A Rubicon moment?
Posted by Richard on February 22, 2013
Eric Peters believes the left’s overreach on gun control (“Instead of gradually increasing the temperature so that the frog doesn’t notice he’s being boiled alive …, they’ve cranked up the heat suddenly …”) is causing something very good to happen (emphasis in original):
… Millions of Americans have decided they will not abide by any demand they register their firearms – much less surrender them. And are saying so – openly. More than a few local sheriffs have also publicly stated they will not enforce any such demands. For the first time in living memory, the debate is not fundamentally about which guns – or how many guns. It is about whether the government has any business even knowing whether you’ve got guns at all – much less dictating the type you’re allowed to have.
It’s a Rubicon moment – because this idea involves a great deal more than merely firearms. It is an assertion – though not fully conscious, yet – that trampling the rights of any individual because of the actions of another individual is an ethical outrage. Not just the right to keep a gun.
The Beat-era author/philosopher William S. Burroughs once quipped: “After a shooting, they always want to take the guns away from the people who didn’t do it.” He said that decades ago and at long last, people are coming to resent being vilified – and punished – not for anything they did. But because some other person did something.
I hope he’s right. There are increasing signs of pushback. As of Feb. 1, more than 225 county sheriffs (including 28 of Utah’s 29) have pledged not to enforce new federal firearms restrictions and in some cases to protect the citizens they represent from those restrictions. The Tenth Amendment Center’s model legislation, the 2nd Amendment Preservation Act, or some variation thereof is being considered by a growing number of state and local governments. At least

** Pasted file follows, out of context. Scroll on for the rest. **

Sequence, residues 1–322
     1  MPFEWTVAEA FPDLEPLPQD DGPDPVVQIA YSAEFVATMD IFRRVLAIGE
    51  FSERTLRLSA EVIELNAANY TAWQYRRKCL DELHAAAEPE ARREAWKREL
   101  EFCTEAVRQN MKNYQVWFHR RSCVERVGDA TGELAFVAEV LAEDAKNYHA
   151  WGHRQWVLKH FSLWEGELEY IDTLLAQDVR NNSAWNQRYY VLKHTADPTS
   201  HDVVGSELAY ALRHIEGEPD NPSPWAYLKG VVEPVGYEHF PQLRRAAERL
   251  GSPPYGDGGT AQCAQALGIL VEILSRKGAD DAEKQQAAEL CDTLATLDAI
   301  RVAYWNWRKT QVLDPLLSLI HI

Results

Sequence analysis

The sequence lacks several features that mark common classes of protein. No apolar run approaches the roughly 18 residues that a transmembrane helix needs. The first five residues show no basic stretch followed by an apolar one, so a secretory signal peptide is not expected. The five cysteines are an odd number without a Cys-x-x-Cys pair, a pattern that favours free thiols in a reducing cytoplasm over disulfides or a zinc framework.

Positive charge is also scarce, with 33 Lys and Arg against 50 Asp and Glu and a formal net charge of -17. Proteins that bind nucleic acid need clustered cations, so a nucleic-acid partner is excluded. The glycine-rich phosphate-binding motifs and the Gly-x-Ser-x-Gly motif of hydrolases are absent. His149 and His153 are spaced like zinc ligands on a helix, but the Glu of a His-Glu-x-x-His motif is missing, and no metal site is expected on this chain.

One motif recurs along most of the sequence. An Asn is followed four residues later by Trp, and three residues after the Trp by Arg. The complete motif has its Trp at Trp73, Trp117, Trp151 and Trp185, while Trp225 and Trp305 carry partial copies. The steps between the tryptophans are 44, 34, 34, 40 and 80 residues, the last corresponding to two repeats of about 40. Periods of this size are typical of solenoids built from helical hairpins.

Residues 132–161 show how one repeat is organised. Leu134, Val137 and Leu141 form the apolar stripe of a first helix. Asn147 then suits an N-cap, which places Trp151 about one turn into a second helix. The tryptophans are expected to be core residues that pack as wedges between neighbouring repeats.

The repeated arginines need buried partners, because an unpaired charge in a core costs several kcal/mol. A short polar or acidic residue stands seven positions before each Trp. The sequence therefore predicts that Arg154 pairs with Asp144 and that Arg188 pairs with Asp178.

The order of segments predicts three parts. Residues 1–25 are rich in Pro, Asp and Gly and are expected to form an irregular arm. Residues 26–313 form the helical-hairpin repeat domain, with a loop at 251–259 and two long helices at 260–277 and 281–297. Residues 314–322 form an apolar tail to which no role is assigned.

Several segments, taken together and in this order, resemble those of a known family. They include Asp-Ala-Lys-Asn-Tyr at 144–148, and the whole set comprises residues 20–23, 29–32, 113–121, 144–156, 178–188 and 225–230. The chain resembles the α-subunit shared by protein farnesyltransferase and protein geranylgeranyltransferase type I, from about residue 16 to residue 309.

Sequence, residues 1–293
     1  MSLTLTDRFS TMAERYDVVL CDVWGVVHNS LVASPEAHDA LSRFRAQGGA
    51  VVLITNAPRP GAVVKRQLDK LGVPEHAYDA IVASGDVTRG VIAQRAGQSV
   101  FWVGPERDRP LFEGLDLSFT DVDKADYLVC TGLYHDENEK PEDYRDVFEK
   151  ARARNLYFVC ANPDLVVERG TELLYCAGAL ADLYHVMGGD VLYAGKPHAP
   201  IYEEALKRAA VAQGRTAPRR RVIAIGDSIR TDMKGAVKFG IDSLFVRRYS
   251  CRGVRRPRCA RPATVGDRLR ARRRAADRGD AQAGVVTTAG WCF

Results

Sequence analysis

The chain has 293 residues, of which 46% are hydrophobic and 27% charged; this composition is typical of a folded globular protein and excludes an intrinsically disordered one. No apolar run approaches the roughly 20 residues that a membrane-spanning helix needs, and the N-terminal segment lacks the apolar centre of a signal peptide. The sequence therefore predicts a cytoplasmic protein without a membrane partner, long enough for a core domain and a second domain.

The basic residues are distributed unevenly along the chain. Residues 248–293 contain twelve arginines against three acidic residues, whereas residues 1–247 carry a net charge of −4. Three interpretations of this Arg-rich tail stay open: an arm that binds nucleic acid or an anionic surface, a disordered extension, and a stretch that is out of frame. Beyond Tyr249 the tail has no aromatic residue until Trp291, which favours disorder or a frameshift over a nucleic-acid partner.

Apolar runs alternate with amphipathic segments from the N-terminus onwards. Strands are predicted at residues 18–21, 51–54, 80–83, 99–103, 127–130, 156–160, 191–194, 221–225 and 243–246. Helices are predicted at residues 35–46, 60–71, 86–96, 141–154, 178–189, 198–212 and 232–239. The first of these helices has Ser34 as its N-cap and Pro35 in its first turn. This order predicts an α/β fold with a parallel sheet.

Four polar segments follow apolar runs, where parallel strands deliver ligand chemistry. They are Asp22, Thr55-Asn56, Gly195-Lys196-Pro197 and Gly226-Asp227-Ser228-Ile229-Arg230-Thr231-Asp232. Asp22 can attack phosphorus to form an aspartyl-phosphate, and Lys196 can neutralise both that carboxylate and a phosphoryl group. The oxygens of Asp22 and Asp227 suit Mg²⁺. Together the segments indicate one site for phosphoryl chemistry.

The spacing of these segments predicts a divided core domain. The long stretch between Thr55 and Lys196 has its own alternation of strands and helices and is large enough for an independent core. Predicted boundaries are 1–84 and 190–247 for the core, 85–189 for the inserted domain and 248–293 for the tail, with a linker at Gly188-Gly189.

18 62 (see comments) firearms companies are refusing to sell to government agencies what they cannot sell to civilians. Resistance, as Christopher Cook noted, is spreading.
I’ll be at the Day of Resistance rally on Saturday helping to contribute to the pushback. I hope you will, too.
UPDATE: The crowd was much smaller than the one at the January 19 rally — I’d guess about 250-300 — but determined, resolute, and energetic. Robert Wareham, the highlight of that earlier rally, wasn’t there this time, and none of the speakers approached him in quality. But they said the right things and the crowd cheered. The most notable was probably Columbine shooting survivor Evan Todd, who recently addressed an open letter to the President in opposition to gun control.